Hedy Lamarr + Frequency-Hopping Spread Spectrum
Wireless communication technology has a long history dating back to the 19th century with scores upon scores of inventors, engineers and companies contributing to technologies we see today. When looking back to the origins of a specific method known as Frequency-Hopping Spread Spectrum (FHSS) the most famous names may come to mind—Guglielmo Marconi, Nikola Tesla and Jonathan Zenneck. All three of these men are well known for their contributions to industry, science and communication; but there was another major player in the evolution of wireless communication. Her name was Hedy Lamarr.
Before we dive into Hedy’s story, lets first exam what FHSS is and how it is applied. Frequency-Hopping Spread Spectrum is a method of transmitting a radio’s carrier signal between many different frequencies—usually in a rapid succession of “random” sequence. The transmitter and receiver are synchronized to know when to switch frequency and what frequency to switch to for consistent and reliable communication over the air. Switching of frequencies is where the idea of “hopping” derives. This hopping mechanism increases resiliency to interference as well as causing minimal interference for other wireless communications. It is also more difficult to intercept vs. a set frequency. How is this method used today?
The most common application of FHSS is used everyday by millions and millions of people—Bluetooth. More specifically Bluetooth uses a variant of FHSS; however, FHSS is the underlying technology behind Bluetooth. Another significant use of FHSS is in military communication as it is resistant to jamming by adversaries. How does Hedy Lamar fit in to this story?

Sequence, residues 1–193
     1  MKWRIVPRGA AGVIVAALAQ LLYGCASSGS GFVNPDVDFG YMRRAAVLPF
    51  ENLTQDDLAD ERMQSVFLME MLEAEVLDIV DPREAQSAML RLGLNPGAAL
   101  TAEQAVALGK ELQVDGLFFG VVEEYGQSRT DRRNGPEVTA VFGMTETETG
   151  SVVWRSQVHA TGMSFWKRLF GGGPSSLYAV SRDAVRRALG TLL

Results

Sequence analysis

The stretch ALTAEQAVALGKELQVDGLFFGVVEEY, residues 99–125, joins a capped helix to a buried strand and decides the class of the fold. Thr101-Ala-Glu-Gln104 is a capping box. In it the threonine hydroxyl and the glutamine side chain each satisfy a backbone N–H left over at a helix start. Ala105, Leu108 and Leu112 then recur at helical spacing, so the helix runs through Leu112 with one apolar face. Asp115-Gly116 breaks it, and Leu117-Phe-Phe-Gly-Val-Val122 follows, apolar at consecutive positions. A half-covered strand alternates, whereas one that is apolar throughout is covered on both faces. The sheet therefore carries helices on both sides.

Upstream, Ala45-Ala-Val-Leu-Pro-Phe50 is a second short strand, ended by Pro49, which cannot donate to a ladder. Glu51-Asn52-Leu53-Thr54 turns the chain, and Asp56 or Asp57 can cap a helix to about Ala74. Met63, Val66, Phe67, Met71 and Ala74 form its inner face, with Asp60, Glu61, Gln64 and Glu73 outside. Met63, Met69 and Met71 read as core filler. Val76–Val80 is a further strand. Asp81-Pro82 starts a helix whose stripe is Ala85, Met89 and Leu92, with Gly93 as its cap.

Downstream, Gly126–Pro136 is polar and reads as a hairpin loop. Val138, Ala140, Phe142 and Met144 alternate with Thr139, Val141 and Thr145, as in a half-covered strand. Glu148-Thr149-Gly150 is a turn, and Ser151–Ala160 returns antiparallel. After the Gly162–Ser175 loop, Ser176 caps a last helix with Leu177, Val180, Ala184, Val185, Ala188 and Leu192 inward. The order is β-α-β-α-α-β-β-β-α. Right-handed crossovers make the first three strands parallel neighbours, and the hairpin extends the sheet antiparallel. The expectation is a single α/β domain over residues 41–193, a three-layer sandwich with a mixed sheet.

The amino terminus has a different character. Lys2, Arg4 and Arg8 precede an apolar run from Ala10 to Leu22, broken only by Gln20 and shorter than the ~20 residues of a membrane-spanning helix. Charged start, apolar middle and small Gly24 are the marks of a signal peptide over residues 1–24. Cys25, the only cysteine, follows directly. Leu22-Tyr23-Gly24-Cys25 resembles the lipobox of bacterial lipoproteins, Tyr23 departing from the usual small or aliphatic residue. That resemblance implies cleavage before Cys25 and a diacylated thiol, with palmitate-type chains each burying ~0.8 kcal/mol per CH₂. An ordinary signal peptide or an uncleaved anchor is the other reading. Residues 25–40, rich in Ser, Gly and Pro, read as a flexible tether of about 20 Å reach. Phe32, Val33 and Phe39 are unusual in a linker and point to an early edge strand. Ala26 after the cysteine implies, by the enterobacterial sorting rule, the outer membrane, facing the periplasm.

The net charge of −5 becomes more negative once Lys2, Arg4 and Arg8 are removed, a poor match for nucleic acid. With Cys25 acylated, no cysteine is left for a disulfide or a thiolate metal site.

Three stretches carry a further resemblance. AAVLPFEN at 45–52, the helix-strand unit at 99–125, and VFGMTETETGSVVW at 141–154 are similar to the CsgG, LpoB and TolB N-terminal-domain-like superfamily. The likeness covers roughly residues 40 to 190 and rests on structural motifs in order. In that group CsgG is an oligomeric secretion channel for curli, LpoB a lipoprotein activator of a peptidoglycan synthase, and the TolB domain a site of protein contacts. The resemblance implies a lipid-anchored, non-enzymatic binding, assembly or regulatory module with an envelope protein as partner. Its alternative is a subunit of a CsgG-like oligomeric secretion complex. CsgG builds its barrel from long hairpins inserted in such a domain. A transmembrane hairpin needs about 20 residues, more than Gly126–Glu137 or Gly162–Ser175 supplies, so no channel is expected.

Some of the older generation may know of Hedy, but for you younger folks…Hedy Lamar is most widely known as a movie star in Europe and Hollywood during the golden age of film (1930’s – 1950’s). Born in 1914 in Austria, she quickly rose to fame as a movie actress—but always had a passion for inventing and was known quite well as a “tinkerer” by close friend Howard Hughes. Hughes himself was a movie producer and inventor.
During the Second World War, Hedy conjured an idea of using a frequency hopping signal to prevent radio controlled allied torpedoes from being jammed by enemy forces. She recruited a friend and fellow pianist/composer to patent a miniature piano player to synchronize radio signals as they hopped frequencies. Unfortunately, the US military passed on the innovative technology at the time—but it was later rediscovered a decade later and used on naval ships during the Cuban Missile Crisis. Since then, the application of FHSS has increased exponentially for commercial and military applications from Bluetooth to cellular phones to military communications.
For many years her story was widely ignored in regards to her contributions to wireless technologies, but her story is making a comeback. Too often we recognize the great men of history, but that is only half of our collective human experience. Women have played an equally important role in advancing technology. It is important to recognize all contributors to history—especially those who contribute in great measure like Hedy Lamarr. History is what we collectively choose to remember. Let’s make the effort to include everyone in our history and recognize how they helped shape our present world.
Alex Zeltmann is an ABS veteran and a rock star Infrastructure Engineering Manager. With over 10 years of experience in networking technology, he leads ABS’ team of implementation engineers as they integrate the latest technologies for ABS clients.